Tag Archives: governance

Political chaos and political reform

If you haven’t read the extracts from Anthony Seldon’s forthcoming book on Boris Johnson’s mismanagement of government, being serialised in the Times and Sunday Times since Saturday, you’re missing something that you can usefully quote next time you come up against a Tory candidate. Seldon is not a commentator who can be dismissed by the Right as a ‘leftie’ intellectual. Biographer of Margaret Thatcher, former vice-chancellor of the University of Buckingham, son of one of the founders of the Institute of Economic Affairs, he is a pillar of the conservative establishment. (Full disclosure: his mother canvassed for the Liberals in the Orpington by-election, and Michael Steed and I stayed there for a week.) The extracts quote from insiders who knew what was going on.

And it’s devastating. Chaotic, with an incompetent prime minister dependent on an adviser (Dominic Cummings) who despised him almost as much as he despised Parliament and the conventional rules of constitutional government, and with a new partner/wife with her own political views and expertise. It portrays inability to take clear decisions at the centre or to implement them through Departments, with an inbuilt tendency to bypass ministers and civil servants whenever possible and to prioritise presentation over substance. This was politics as a permanent campaign, rather than a recognition that government is complicated and unavoidably slow-moving.

The Conservatives campaigned in 2017 and 2019 on a platform of strong and stable single-party government, against what they portrayed as the chaos of coalition – by which they meant a Labour government dependent on the SNP. What they’ve inflicted on the UK is the chaos of single-party factionalism, compounded by dreadful leadership choices in both Johnson and Truss. Opinions on May and Sunak are a little less negative, but both have been hamstrung by internal conflicts within the parliamentary party between a dwindling bunch of pragmatists, a group of ambitious cynics and an ideological right. The defenestration of Raab suggests that the chaos will roll on to the 2024 election, likely to be postponed to the latest possible date by continuing squabbles between ‘realos’ and ‘fundamentalists’.

Posted in Op-eds | Also tagged | 22 Comments

17 April 2023 – today’s press releases

  • Keegan: You don’t need a maths A-level to see that these plans don’t add up
  • Government Pushed to Vote on Banning New Coal Mines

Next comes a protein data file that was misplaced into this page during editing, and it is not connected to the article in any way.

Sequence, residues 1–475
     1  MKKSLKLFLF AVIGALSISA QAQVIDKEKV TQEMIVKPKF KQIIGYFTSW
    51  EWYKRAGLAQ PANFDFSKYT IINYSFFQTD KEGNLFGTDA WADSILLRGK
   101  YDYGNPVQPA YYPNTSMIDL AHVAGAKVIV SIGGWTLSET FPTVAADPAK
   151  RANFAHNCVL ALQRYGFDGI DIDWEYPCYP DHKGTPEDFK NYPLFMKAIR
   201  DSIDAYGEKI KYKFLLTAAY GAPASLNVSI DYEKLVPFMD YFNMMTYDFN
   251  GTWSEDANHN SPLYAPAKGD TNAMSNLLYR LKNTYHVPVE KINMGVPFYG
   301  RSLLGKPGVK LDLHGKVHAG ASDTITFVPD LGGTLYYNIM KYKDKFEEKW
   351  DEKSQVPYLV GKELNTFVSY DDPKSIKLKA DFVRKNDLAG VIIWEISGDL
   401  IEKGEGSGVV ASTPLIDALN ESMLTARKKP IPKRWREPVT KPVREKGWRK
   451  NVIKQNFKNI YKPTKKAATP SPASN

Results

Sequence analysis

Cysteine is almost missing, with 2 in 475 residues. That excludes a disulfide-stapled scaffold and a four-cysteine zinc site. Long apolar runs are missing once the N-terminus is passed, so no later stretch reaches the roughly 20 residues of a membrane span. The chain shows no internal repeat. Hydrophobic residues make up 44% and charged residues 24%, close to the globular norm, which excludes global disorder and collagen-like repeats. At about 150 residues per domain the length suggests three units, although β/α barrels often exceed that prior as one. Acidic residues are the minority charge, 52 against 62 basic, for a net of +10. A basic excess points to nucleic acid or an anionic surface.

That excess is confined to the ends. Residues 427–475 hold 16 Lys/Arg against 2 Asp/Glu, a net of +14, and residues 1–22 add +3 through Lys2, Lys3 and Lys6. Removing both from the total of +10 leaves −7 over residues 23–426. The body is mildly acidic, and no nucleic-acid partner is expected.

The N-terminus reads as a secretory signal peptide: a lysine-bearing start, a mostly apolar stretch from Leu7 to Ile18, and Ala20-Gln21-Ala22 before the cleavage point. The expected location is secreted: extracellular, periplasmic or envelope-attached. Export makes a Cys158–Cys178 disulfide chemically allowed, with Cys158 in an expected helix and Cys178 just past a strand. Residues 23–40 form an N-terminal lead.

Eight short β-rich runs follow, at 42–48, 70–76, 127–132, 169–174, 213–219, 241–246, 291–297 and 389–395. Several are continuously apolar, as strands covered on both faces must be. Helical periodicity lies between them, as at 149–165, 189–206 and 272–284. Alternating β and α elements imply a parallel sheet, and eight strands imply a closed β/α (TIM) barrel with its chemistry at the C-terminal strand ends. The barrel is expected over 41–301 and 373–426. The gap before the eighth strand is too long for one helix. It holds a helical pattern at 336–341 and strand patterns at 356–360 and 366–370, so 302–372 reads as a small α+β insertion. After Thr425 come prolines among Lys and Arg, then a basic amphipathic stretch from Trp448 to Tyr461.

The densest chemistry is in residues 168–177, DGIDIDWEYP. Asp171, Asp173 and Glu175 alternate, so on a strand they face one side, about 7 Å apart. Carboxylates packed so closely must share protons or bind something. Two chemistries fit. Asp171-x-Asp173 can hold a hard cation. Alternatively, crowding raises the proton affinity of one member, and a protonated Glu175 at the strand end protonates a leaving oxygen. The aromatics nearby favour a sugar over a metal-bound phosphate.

• Government reported for breaking purdah rules
  • Sunak investigation: Another accusation of a Conservative PM bending the rules
  • Government defeated as Lib Dems win vote to ban new coal mines

Keegan: You don’t need a maths A-level to see that these plans don’t add up

Responding to Gillian Keegan’s morning media round about the Government’s maths announcement, Liberal Democrat Education Spokesperson Munira Wilson MP said:

Gillian Keegan’s empty words are an insult to millions of people who are looking to the Government for

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Welcome to my day: 26 September 2022 – a bad time to be poor, or vulnerable, or…

High inflation, rising interest rates and a mad scientist approach to economic management do not tend to instil confidence, as the markets indicated on Friday, following Kwasi Kwarteng’s “this is not a budget” statement. The hedge fund guys have already made hay – they obviously had a pretty good idea what was coming – and now the rest of us can find out what is in store.

There is little doubt that there is much that needs to be done in order to build a thriving future for the United Kingdom. From how our country is governed, to the supply of housing or provision of energy, and onto protecting our environment, many tough decisions will need to be taken. And, from a “customer perspective”, some patience is needed too. You can’t turn round the NHS overnight, just as infrastructure projects, especially big, strategic ones, don’t happen just because someone announces the intention no about it.

But the first thing you need is government that can think strategically, and not just about securing its own future in office. The outgoing administration seemed solely focussed on this week’s headline, making it to next weekend without imploding. But you would have to admit that this one does seem to have a strategy, even if it seems hard to credit it.

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Mistakes, trust and power